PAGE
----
An ambitious EU project called VARCITIES is aiming to lead the way with tangible, nature-based solutions that put citizens at the forefront of greener future cities. At present, seven pilot cities (including one seaside locality in Malta, Gzira) are testing and implementing a series of these community-based actions for better creativity, inclusivity, health, and happiness for their citizens.  

THINK caught up with two of the team members, Kurt Calleja and Emma Clarke, to talk about the project. 

How it All Began

According to Calleja and Clarke, the key first step was to identify characteristics of the pilot sites, which in Malta was Gzira. Then, it became important to talk to various stakeholders: experts, the local council, and most importantly, the locals in order to map out the project’s blueprints.

‘Through this, we identified multiple benefits and how various groups stand to gain from the project. We then considered unforeseen outcomes for the project to try to be as realistic as possible,’ Calleja says.

‘I say realistic because there are several misconceptions about environmental sustainability,’ he adds. ‘There is more to it than simply planting a few trees. The problem is far more complex and requires proper, long-term planning.’

In fact, a workshop held in June 2022 with local residents found that persistent frustrations included a severe lack of green open spaces, limited walkability because of narrow pavements, poor air and noise quality, and a need for more pedestrian routes.

How to Make a Greener, Meaner City

VARCITIES is trying to do a lot. Firstly, it wants to implement micro-greening interventions on a main artery of Gzira, Triq D’Argens, which currently does not have any sort of greenery and is rife with noise and exhaust pollution. This will be implemented through a participatory design process which includes residents, educators, creatives, and experts.

The project also focuses on urban diversity, education, and engagement through innovative pop-up parks and events. It wants to develop a co-created community garden project. The garden, Calleja explains, will be implemented in a collaborative way with artists such as Laura Besancon, an artist in playful interactions who has worked with the children of Gzira Primary School to design the playground.

‘The idea is not to just build a garden and leave it at that. We want to know what residents actually want, not just plant a few trees and build concrete structures,’ he continues.

In other words, they want to make sure it’s going to be used. Currently, the team has observed that playgrounds are not being used by people or children because they were not designed with the users in mind.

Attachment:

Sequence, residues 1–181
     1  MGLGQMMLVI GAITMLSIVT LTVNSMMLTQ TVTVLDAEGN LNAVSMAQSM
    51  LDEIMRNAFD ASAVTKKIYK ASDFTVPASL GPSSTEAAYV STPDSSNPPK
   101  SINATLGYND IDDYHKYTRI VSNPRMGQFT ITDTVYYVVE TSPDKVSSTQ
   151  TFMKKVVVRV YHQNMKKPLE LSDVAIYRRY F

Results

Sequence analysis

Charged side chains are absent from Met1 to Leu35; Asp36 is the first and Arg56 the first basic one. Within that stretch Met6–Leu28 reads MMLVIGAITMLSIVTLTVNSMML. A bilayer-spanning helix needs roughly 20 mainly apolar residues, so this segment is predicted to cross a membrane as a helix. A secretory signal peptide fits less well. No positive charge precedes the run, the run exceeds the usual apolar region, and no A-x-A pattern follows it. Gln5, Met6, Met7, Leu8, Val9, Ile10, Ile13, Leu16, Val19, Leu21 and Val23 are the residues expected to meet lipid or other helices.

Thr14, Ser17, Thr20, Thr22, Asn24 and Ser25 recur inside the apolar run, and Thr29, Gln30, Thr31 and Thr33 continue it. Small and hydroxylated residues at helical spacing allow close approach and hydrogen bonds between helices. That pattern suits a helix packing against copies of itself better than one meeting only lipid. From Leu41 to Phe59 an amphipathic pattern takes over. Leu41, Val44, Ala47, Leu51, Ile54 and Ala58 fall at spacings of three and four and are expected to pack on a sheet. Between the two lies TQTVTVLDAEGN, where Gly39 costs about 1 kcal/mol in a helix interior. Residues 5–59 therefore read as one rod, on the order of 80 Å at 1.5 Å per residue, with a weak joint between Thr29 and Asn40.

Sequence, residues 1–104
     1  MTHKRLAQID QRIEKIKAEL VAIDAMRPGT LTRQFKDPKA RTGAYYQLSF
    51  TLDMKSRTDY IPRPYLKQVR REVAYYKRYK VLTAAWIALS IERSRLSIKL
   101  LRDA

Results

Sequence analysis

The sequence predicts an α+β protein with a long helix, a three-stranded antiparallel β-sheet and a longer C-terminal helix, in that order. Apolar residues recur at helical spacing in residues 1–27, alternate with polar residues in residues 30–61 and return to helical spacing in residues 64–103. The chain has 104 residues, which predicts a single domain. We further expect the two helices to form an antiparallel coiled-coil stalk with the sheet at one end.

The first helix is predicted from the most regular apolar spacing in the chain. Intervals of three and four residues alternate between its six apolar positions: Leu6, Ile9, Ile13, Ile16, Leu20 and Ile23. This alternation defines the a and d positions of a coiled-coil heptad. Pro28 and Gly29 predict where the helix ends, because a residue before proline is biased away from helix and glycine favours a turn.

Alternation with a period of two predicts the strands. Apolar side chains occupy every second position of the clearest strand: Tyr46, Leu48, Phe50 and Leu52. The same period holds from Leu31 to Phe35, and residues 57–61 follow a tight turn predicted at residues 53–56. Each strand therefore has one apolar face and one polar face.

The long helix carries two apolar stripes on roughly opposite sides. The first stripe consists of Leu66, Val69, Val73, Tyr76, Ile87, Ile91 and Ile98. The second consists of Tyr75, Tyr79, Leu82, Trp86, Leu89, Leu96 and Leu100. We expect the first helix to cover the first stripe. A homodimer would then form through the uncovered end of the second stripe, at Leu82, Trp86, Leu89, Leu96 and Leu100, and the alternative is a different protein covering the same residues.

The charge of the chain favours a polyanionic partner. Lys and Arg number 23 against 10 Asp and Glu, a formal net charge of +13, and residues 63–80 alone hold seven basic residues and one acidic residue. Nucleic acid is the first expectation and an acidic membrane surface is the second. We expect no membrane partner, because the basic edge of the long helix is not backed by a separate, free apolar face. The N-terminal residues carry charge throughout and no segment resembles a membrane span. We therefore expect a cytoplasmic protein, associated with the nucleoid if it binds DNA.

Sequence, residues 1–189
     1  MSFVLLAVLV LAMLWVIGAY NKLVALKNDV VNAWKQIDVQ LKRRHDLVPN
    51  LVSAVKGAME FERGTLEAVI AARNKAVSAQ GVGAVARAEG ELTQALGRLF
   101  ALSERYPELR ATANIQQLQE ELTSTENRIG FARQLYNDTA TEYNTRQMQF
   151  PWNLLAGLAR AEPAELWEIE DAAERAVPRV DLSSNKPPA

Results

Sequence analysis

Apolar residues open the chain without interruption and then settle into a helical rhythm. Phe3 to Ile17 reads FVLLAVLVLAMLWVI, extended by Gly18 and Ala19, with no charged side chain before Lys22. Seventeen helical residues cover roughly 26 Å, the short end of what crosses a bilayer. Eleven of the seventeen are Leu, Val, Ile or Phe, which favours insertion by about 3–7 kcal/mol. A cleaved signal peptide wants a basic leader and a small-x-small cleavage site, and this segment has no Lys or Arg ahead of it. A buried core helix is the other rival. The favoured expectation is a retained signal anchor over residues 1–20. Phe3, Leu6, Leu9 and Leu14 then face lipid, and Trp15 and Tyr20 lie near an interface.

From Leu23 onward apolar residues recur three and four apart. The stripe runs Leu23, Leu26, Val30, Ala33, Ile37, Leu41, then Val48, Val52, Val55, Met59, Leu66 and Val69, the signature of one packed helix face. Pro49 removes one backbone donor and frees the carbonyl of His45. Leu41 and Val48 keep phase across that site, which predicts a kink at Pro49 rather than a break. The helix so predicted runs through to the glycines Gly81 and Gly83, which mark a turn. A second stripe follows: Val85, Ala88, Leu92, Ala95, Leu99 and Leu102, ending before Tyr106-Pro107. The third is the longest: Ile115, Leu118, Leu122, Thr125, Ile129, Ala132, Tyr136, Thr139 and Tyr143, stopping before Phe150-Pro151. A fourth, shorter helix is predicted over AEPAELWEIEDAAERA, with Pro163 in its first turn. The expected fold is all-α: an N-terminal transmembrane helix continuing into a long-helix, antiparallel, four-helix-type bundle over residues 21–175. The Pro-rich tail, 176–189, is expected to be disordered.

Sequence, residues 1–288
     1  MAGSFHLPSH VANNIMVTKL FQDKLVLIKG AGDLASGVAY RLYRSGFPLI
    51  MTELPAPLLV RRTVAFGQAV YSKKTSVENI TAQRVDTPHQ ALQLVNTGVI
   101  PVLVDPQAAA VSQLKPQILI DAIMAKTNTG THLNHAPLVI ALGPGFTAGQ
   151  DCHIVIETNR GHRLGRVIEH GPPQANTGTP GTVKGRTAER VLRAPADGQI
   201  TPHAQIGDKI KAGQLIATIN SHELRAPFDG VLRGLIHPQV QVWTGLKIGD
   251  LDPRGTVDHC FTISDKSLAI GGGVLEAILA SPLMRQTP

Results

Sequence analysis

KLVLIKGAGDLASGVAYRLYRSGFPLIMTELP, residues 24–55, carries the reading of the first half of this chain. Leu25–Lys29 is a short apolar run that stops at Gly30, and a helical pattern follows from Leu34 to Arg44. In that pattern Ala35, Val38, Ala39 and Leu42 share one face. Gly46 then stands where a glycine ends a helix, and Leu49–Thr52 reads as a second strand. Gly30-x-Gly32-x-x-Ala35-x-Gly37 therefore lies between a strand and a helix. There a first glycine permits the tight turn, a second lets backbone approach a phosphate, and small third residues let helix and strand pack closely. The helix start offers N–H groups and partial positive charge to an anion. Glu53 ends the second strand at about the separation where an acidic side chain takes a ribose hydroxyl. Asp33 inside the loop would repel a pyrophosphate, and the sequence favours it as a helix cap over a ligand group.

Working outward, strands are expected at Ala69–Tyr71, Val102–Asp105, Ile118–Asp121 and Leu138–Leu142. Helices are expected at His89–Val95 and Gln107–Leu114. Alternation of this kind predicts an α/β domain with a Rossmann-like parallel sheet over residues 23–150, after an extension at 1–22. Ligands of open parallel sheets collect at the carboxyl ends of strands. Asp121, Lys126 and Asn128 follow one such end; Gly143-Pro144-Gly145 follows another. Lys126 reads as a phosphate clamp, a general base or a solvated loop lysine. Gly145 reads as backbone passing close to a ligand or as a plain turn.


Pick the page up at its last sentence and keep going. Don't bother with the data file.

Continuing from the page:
The project also focuses on urban diversity, education, and engagement through innovative pop-up parks and events.

The ‘Human-Centred’ Approach to Design

For the playscape, the VARCITIES team organised workshops with school students, both to educate and as a form of data collection. The playscape is ‘human-centred’ but is also designed according to a need for better biodiversity in order to improve the ecosystem and attract more insects through greening.

In the first workshop with the school children, the team took an ethnographic approach through two parts: visual and experimental.

‘We invited children to go around school to capture photos of places that mean something to them. Then we moved to a more auditory-based practice: we asked the children to document the sound environment of their school, to really actively listen rather than just hear,’ Calleja says.

The soundscapes made by the children were unsurprising; they were sounds of constant traffic, construction, and some bird sounds.

‘Something that stuck out was that even though noise is a part of their everyday culture, it was still something very bothersome and disruptive for them,’ Clarke says.

‘Without any accessible greenery around, they feel disconnected from nature and gravitate more towards their phones,’ she adds.

In the following workshop, the children were asked to unleash their creativity. A blank canvas was laid out, and they were asked to design their ideal playground, a chance to brainstorm and think together on what a future part of their school could be. Now, their artworks are being used as inspiration for the final design of the playscape.

Students during ‘Planting Seeds’ Workshop

In one last intervention, the team held a planting and propagation workshop, and the plants they nurtured will be used in the actual garden. It’s a wholly collaborative and educative process. In addition to designing the playscape/community garden, the VARCITIES team have hosted a series of pop-up parks around Triq D’Argens throughout November. These parks provided space for social interactions as well as art and science installations, all done in collaboration with local business, citizens, artists and NGOs.

A Blueprint for Going Green Globally

Ultimately, the goal is to build more inclusive and greener cities, and city-based projects like this will let stakeholders evaluate how efficient and effective nature-based solutions are. Initiatives like VARCITIES that use bottom-up, citizen-oriented approaches could become models to build our future cities now.

‘We believe in using the bottom-up, citizen-oriented approach for sustainable solutions for cities. The idea is to eventually be able to see what works and what doesn’t, learn, and upscale the approach, to champion sustainable solutions and improve our lives,’ Calleja said.

Cities that cater for our needs and desires as citizens as well as change the course of climate disaster should not be a utopian fantasy. The interventions done in Gzira could be the green blueprints for everyone’s future.

VARCITIES is an H2020 funded EU project (grant agreement: grant agreement No 869505) led in Malta by Dr Ing. Daniel Micallef (Faculty for the Built Environment) who is supported by academics in the Faculty of Education, Faculty of Science, and Faculty of Engineering including: Dr Edward Duca, Antoine Gatt, Carlos Canas, Dr David Paul Suda, Prof. Emmanuel Singara, Dr Kenneth Scerri, Dr Sarah Scheiber, Dr Simon Borg, Prof. Vincent Buhagiar, and Dr Mark Caruana.

This project is supported by Arts Council Malta.